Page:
Indoor Tropical Plants
You have battened down the hatches in your garden and waved good-bye to the season. Time to sit down and read a good book. Not so fast. Remember the tropical plants that you brought indoors in the fall? The hibiscus, oleander, mandevilla vine, and the herbs that are now dropping leaves on your living room floor? They could use some TLC right about now. Here is why.
You’ll notice that as the temperatures out of doors fall so does the humidity in your home, condo, or apartment. Seeing as we share the same indoor air as our tropical plants, it is important to remember that most of them come from a warm, southern place. In other words, their native habitat is quite opposite of your current home environment. Your aspidistra is wheezing and inhaling hard, you just can’t hear it.
The first thing that you should do is wipe down the leaves of your broad-leafed plants using insecticidal soap, which is more soap than insecticide. In other words don’t worry that you are exposing your hands to some toxic substance. Spray some on a clean cloth and wipe down the leaves of your plants while watching a TV show that does not demand your full attention. In my experience this would include all of them, except maybe Jeopardy. You really have to concentrate to get the full benefit of Jeopardy. Wipe both sides of the leaves thoroughly to remove dust and grime.
Small-leafed plants, like the famous ficus benjamina or ‘Weeping Fig’ [so named as it really is not very happy in Canadian homes during our winter months], can be cleaned by simply spraying the leaves with the insecticidal soap solution, top and bottom.
My indoor plants are losing their leaves. Help!
Think, once again, about the natural habitat of your Dumb Cane [dieffenbachia]. Warm. Humid. Near the equator where there is lots of light.
It is natural for most indoor tropical plants to lose some leaves this time of year, especially if you had them outside for the summer. The intensity of natural light in our homes right now is very low. A south facing window in the summer may be exposed to up to 2,500 foot candles of light on an average summer day. The same window this time of year meets about 500 foot candles. Is it any wonder that we sleep longer in winter than summer? And it is not just the day length that causes the sun to lose power in winter, it is the low angle at which the sun sits when it does shine. The shortest day of the year, December 21st, is only two weeks away. Shortly after this day is when ancient Druid priests, using a golden sickle, would cut mistletoe from a holy oak tree. Delivering it to the people, the mistletoe was hung in the house to ensure fertility, bring about love, and ward off witchcraft.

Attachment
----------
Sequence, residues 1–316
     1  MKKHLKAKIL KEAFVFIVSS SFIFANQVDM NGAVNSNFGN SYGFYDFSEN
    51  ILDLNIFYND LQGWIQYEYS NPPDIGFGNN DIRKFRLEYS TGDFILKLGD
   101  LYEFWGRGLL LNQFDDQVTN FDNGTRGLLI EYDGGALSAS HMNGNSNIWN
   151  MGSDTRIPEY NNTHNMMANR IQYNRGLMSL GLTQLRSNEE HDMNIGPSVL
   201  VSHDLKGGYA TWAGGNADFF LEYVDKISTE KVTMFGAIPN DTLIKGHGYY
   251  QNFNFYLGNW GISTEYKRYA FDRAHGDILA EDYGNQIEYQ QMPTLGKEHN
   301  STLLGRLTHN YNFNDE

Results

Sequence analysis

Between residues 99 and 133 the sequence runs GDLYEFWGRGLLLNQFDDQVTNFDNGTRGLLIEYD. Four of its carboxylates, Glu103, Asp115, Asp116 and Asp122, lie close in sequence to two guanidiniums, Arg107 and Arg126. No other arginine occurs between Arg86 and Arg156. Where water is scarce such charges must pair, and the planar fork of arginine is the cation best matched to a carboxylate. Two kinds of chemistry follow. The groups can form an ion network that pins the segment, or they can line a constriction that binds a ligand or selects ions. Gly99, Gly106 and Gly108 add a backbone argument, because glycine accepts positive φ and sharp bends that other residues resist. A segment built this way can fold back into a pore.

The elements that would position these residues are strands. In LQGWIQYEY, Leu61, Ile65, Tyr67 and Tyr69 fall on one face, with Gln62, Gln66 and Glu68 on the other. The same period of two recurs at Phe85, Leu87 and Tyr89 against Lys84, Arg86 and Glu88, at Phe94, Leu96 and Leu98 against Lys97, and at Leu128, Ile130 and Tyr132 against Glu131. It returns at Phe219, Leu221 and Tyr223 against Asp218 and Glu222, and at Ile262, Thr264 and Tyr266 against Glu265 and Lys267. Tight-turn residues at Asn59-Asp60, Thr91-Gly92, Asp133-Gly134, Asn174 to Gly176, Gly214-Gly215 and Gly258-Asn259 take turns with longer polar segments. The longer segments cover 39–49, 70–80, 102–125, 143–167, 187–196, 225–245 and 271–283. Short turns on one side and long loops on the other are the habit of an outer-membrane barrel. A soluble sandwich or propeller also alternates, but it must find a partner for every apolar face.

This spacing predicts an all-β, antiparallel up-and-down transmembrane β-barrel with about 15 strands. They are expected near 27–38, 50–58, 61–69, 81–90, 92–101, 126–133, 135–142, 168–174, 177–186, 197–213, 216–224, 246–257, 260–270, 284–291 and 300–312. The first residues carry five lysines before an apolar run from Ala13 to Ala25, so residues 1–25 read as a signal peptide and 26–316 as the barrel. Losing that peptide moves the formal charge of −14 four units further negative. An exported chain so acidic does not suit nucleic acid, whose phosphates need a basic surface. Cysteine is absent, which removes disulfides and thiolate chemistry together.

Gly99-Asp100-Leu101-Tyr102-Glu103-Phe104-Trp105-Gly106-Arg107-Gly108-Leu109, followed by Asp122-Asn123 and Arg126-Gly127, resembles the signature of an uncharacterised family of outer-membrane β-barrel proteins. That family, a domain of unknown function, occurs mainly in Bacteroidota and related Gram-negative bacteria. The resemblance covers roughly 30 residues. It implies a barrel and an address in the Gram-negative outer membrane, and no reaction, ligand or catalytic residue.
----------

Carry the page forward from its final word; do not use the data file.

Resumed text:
While Druids cut mistletoe, your hibiscus is losing its leaves. Don’t be alarmed by this as the tree/shrub needs to lose leaves in order to rejuvenate itself. I cut my leafy tropicals back this time of year by at least a third. Don’t give them a bowl cut: reach into the body of the plant and remove some of the woody, less leafy growth with a sharp pair of hand pruners. This will encourage more growth from the middle portion of the plant, producing a thick, healthy appearance and more even flowering, in the case of the hibiscus.
Generally I don’t fertilize my tropical plants this time of year. They are not growing as they did in the summer, so they have no need for the ‘nutrients’ or fertilizer. An exception is the African violet which grows more or less year round. I fertilize them with half strength 20-20-20 water soluble fertilizer every 2 to 3 weeks all year round.
A tropical plant has its own way of telling you whether or not you need to re-pot it. Look for roots that are growing through the surface of the soil. If they are not obvious to the naked eye then scratch the soil with your fingers to see if they lurk just beneath the soil’s surface. Ah ha! There they are. Now tip your plant on its side and look for roots growing out of the drainage holes in the bottom of the pot. If you don’t see them making an escape, feel through the drainage hole. If you find roots, your plant is telling you that it is time for either a bigger home or that it needs its roots pruned.
If you choose to re-pot your indoor plant, be prepared to make a mess – a drop sheet is called for if you are going to do this indoors. Pull the plant out of the pot, roots and all. It is silly to think that you have to be gentle while doing this as, chances are, it is stuck in there, the roots making pressure against the inside wall of the pot in their effort to get out. For a large tropical plant this could be a two person job. No worries, you can’t hurt the plant.
Once released from its undersized pot, pull the roots of the plant apart and be ruthless in doing so. A pair of scissors may be called for. Or a small, sharp kitchen knife. The idea is to give the roots freedom and convince them that it is indeed time to create new ones: to put roots down into a new home. You are pruning the roots as you would prune the top portion of the plant and for similar reasons: to thicken them and encourage new growth.
When choosing a new pot, only go up one size. A 10-inch pot calls for a clean 12-inch. An 18-inch calls for a 20 or so. I favour clay pots over plastic as I swear that plants perform better in them overall. But then, that could be in my head. I do, however, know that clay breathes through every pore, while plastic does not breathe.
Be sure not to buy cheap, poor quality potting soil. Look for a quality mix that is weedless, light, open and one that does not contain nutrients. Many of the potting mixes created for summer containers contain a slow release fertilizer, which is well and good, but not for your valuable indoor tropicals that need a rest after the trauma of re-potting. A good, gentle watering after the re-potting exercise is over is all that is needed.